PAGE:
What Mongolians Nomad teach us about today's Digital Era
Mongolia's vast steppe and wide-open plains are home to one of the world's last surviving nomadic cultures, whose nomadic way of life has been unchanged for generations.
These Mongolians, who continue to follow their ancestors' steps and choose the nomadic way of life, combine their old traditions with new advanced and innovative means.
Mongolia's nomads adapt to modernization in their way and have too much knowledge and lessons to teach us about the digital future.
Nomads are people who travel from one place to another, carrying all their belongings with them.
Who doesn't want to escape from the trappings of modern life? Freedom, fresh air, the animal spirit is what we crave.
Mongolians Adapting Modernization in Their Way
The total population of Mongolia is around 3 million. Simultaneously, many nomads are now traveling to Ulaanbaatar, searching for education, employment, and modern conveniences, which is probably the least green city in the whole wide world. It is a town without any parks, lawns, or trees.
The other half of Mongolia resides in rural areas. There is not a single fence on this rocky land. They have very few paved roads and even fewer electrical lines. It is no wonder it is the most historic land on this planet with wide-open planes of nothing but only ground, grass, and an open sky.
The tents where the nomads live are scattered everywhere. These tents are round and white and are usually known as yurts. But the Mongolians pronounce them as a ger. With wildness being a deception, these gers are home to approximately 1 million gers.
Even today's time, these nomads remain unchanged and follow the same traditions their ancestors used to follow. These traditions are significant to them, and they hold them close. For people like us, who live in a modern world, a world gleaming with WiFi, smart tv, such modern technology. It is a pretty remarkable experience to travel here in Mongolia and discover their clean and peaceful culture.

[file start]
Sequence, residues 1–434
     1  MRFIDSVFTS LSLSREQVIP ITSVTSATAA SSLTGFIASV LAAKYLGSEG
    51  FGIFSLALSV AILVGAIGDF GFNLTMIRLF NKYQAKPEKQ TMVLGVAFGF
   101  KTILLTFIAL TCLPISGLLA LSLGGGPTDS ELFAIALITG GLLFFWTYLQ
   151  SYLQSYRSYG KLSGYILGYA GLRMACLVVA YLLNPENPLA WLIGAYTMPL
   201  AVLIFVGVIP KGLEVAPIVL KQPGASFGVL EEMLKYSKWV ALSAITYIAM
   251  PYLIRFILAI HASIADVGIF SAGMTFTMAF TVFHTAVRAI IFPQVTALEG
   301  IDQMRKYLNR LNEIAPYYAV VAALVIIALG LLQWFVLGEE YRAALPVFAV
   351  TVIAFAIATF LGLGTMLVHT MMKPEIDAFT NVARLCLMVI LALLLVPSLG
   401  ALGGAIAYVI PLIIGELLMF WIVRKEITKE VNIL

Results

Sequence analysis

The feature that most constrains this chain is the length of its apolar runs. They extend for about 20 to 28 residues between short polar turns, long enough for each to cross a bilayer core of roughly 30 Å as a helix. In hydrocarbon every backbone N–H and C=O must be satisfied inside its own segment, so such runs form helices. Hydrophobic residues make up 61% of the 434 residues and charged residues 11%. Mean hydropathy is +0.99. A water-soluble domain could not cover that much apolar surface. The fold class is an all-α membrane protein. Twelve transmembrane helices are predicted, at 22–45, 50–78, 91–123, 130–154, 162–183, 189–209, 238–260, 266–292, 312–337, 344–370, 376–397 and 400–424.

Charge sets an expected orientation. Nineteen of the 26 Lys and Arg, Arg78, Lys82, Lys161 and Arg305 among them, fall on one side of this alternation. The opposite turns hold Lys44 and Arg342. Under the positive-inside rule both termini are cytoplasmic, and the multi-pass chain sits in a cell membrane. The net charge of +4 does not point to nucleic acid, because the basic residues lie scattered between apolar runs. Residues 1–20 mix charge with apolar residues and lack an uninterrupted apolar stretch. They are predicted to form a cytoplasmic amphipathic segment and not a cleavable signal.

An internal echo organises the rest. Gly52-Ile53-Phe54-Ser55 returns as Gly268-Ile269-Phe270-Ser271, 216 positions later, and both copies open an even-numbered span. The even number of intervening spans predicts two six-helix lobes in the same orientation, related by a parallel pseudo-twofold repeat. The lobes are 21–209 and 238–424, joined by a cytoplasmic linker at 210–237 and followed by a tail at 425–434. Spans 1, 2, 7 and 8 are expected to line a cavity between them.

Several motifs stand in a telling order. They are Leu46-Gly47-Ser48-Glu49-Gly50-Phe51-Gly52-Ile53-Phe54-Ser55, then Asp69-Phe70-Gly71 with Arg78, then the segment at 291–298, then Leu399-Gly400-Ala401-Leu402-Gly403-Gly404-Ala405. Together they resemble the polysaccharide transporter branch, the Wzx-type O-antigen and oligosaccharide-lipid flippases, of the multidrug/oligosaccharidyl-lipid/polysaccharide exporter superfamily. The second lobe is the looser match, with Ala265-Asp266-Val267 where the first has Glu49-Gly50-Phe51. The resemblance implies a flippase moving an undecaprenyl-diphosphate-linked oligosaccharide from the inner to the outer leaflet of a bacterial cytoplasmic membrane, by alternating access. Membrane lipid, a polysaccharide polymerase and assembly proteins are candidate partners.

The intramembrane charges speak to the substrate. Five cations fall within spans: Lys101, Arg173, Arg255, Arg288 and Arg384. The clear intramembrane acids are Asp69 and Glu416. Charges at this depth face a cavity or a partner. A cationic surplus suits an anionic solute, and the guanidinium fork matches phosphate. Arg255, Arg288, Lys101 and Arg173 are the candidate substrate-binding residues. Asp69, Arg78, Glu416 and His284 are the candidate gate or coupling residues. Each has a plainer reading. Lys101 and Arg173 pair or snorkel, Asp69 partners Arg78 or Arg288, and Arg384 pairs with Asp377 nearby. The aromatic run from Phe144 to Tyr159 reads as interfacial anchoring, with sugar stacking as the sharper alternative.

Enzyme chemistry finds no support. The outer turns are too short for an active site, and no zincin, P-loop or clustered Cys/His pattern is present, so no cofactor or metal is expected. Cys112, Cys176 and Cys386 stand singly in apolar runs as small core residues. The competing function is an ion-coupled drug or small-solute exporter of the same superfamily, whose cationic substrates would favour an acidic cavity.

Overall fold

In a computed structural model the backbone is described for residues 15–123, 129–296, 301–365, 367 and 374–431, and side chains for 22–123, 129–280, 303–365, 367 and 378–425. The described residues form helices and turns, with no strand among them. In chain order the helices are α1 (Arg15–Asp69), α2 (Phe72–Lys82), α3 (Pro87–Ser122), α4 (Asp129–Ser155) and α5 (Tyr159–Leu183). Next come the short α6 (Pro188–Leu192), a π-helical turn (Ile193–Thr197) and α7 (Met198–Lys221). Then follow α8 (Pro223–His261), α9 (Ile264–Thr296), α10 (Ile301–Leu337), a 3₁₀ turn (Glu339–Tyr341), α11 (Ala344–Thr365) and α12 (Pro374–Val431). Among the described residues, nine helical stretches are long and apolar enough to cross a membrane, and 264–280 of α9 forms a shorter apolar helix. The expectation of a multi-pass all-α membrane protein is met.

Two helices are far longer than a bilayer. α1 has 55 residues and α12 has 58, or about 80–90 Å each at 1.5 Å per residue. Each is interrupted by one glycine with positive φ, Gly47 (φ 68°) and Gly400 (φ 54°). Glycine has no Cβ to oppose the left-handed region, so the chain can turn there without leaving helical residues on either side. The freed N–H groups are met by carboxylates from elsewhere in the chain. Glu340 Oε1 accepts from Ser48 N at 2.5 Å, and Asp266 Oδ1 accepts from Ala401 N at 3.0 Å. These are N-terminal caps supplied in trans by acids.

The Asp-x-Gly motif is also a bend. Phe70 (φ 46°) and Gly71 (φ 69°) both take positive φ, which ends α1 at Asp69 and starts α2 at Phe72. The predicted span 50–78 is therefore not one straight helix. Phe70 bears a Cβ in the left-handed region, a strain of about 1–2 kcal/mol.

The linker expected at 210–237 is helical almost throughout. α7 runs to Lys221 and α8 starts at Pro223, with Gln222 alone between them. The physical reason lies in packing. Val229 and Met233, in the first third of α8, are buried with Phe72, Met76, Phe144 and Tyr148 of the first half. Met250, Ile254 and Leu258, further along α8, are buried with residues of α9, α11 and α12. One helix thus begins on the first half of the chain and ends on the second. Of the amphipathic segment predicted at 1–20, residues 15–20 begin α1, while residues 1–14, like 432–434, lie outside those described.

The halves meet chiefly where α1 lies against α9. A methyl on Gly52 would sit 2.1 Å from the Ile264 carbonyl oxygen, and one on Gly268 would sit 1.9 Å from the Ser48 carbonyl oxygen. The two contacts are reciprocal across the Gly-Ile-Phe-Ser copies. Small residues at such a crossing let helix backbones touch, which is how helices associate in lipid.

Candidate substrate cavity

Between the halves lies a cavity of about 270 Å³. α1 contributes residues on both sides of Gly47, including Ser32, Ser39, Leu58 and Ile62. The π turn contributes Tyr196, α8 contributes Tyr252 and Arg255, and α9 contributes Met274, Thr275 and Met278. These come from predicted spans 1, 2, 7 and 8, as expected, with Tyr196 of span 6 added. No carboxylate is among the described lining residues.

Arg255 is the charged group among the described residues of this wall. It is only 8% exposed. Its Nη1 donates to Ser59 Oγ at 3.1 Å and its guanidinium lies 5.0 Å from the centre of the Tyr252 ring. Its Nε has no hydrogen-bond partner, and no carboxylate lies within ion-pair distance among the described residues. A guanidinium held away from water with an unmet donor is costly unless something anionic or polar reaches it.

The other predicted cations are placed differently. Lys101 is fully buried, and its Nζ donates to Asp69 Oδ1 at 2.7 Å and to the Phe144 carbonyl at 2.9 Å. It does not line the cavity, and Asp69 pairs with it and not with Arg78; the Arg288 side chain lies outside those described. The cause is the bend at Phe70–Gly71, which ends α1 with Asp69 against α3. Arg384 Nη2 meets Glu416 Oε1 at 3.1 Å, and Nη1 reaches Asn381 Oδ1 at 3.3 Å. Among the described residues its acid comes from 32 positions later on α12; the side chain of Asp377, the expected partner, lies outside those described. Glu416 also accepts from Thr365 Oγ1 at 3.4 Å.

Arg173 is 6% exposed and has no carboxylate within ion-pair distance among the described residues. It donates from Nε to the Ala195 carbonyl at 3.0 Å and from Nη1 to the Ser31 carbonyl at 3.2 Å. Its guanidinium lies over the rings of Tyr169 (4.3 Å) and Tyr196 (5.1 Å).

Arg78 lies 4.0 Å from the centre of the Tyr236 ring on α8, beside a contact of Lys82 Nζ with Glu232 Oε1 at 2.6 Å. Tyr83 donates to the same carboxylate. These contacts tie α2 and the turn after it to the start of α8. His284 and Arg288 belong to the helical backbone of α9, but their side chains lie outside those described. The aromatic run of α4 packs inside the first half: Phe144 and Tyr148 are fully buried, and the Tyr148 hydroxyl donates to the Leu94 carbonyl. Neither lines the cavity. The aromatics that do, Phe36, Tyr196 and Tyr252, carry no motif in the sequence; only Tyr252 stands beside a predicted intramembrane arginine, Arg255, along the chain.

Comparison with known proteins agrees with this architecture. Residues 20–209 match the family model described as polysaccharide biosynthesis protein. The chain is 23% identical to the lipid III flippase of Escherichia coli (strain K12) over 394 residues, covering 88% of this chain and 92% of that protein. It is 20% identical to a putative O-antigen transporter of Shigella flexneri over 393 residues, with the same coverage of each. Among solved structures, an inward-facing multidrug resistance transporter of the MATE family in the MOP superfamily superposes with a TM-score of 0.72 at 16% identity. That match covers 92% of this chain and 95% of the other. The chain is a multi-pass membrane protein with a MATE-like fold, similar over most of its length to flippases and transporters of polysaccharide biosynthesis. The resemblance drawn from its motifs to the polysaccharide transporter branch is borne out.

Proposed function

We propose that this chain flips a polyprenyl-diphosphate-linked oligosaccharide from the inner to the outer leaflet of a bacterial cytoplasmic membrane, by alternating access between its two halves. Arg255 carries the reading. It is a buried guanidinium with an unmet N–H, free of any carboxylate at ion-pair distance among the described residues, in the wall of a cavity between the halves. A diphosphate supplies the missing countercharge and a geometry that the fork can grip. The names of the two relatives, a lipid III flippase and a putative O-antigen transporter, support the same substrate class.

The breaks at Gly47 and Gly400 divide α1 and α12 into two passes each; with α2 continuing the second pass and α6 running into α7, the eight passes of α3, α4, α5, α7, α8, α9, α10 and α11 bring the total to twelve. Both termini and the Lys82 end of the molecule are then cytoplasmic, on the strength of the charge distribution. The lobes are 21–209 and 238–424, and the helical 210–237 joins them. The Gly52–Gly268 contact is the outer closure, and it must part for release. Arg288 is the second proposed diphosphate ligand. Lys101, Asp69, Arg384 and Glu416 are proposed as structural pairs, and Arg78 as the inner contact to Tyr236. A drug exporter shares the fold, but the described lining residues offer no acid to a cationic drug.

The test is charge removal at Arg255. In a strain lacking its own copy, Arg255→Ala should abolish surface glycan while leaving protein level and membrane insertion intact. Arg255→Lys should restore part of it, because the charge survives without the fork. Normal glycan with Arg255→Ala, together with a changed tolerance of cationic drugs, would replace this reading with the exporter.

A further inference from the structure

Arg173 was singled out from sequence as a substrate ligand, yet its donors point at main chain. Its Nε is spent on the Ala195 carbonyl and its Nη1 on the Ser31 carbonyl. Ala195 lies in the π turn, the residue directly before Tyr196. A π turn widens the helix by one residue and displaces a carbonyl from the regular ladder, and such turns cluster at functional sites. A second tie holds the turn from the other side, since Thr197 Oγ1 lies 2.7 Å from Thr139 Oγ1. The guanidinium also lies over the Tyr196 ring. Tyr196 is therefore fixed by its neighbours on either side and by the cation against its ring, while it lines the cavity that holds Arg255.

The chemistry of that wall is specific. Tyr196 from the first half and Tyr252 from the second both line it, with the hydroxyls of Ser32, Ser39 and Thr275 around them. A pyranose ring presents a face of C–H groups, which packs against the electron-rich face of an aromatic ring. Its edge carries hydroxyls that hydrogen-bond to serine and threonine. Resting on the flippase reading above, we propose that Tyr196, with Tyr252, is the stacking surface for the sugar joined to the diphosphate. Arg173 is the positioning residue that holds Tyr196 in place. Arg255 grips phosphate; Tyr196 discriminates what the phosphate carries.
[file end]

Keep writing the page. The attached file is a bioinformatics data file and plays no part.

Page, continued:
Surviving Climate Change in Mongolia
The winters in Mongolia are fierce and can reach an extreme. They are long and freezing cold, with a temperature rising far too low that it is mind-boggling.
These nomads prepare for their winters in the summer season, and some even tend to move their ger seasonally. They set up their gear in their desired location in spring for maximum summer pastures; then, they move it again for winter feeding to escape the wind, which is instead punishing.
Nomads can also be called ranches. They are herders and survive entirely on the milk and meat of their flock.
For visitors, mutton is served by every mean that they put forward. It is preserved and is done year-round. Additionally to their meat, they make their yogurt, butter, cheese, kumiss (fermented beer made from mare's milk), milk tea, and milk sweets, which they include in all their meals.
Dependence on the Production of Livestock
Animals do not only tend to provide food. They give the people various other benefits, such as wool from the sheep they use to make their blankets. They also use it to make the thick felt siding for their gers. It helps keep them warm and dry.